“For me, it was a relatively easy transition, because I have been helping out in the coaching aspect the past few years,” he said. “Now I can focus on just a few select athletes and try to better them every single day.
“My responsibility is just to help instill the values the coaches are preaching every day in practice. If there is any miscommunication … I’ll help bridge that gap. I’m kind of an athlete representative, a lot of issues that athletes have they’ll come to me and I’ll talk to coach about them.”
And yes, going from the team to the coaching staff means all but the freshmen know him as a teammate first. That has put Sandoval in an interesting position, and he admits he has had to play “good cop, bad cop” when issues have arisen.
“Being a leader as I was on the team previously to where I am now, people don’t really approach conversations with me much differently,” he said. “I try to maintain professionalism when it comes to more serious aspects, and when it comes to those aspects they approach me the same way they did before.”
And the Braves coaches are comfortable with Sandoval in his new role.
“They treat me just as they always have, extremely supportive,” Sandoval said. “They’re always in my corner, and they want me to be the best that I can be whether as an athlete or as a coach.”
There is reason to believe Sandoval will be more valuable to Ottawa in the corner than on the mat, as he is quick to say his college wrestling career was short — six or seven bouts, he believes — and unsuccessful, and not simply because of the serious concussions.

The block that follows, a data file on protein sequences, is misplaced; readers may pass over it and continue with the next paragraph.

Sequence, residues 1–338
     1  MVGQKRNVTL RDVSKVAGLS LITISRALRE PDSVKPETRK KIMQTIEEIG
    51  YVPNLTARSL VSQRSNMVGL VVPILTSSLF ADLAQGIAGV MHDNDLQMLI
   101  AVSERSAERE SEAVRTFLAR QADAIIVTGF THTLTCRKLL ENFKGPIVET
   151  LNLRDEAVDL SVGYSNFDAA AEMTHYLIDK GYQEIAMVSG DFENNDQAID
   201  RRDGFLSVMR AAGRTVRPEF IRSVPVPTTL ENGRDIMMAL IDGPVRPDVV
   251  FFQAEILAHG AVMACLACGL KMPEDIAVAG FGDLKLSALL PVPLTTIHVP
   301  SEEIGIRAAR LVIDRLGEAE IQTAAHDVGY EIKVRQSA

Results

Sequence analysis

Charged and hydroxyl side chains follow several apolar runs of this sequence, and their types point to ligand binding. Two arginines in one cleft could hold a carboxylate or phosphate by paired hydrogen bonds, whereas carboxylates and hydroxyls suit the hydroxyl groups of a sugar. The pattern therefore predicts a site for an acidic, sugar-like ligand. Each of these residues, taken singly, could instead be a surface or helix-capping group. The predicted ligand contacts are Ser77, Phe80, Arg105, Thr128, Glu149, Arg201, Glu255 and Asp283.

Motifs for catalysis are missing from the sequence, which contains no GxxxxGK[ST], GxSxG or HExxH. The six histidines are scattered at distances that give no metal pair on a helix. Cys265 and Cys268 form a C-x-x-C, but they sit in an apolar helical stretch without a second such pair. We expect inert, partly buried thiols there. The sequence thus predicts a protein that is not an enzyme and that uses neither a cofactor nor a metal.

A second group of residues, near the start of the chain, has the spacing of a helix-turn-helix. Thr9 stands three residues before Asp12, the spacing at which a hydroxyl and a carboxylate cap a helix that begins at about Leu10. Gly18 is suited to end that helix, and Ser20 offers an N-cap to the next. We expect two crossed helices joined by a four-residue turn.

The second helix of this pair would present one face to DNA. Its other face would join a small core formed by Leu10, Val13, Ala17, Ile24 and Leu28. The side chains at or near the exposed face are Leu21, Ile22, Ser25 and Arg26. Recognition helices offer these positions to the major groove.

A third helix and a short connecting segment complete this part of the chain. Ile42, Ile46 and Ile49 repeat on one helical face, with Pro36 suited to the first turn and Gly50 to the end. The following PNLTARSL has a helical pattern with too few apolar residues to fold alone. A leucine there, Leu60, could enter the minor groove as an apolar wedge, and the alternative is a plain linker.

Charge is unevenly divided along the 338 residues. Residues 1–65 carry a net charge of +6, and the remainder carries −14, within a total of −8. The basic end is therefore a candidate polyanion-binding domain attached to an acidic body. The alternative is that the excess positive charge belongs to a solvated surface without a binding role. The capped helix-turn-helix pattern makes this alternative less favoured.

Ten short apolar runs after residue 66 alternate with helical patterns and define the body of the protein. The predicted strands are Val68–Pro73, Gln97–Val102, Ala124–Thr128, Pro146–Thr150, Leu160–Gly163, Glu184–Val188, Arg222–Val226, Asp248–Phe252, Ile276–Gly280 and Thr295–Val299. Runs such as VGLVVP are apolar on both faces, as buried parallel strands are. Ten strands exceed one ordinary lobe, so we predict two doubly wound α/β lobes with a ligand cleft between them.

“I won my first college match, my first tech fall, then my second match was against the No. 6 kid in the country at 133 pounds,” Sandoval recalled. “He beat me up pretty good. That was back when I was trying to work through all the head issues, my hand was messed up. The next tournament I went to we call the mini-nationals. Every top 20 team is there, every ranked wrestler in the country is there, one big bracket. My first kid was the No. 6 kid at 141 pounds, and my next match was a kid who I want to say was 17th.
“From a win and loss standpoint, not good at all. I did awful, but from the learning and the understanding standpoint of it, I think I did fantastic. College wrestling is unlike high school wrestling, club wrestling, anything in the world, the level of intensity is 30-fold. Hand fighting in high school you’re really slow, relaxed with it. Hand fighting in college wins the match. From a statistical standpoint, I was probably the worst kid on the team, but from the overall aspect of what wrestling truly is I think I had a really successful season.”
Sandoval is pursuing a degree in engineering at Ottawa — “I believe I passed all of my classes,” he said with a wry smile — and that is certainly his primary employment goal after his graduation in 2021. But he also hopes to use the lessons he learned during his brief college wrestling career for another job.
“I still want to go on to be an engineer, and I’d love to be a head wrestling coach,” he said. “I know (Pahrump Valley High School) coach (Craig) Rieger is retiring here shortly, and if I can get my name in the ring and see how that plays out, that would be fantastic.”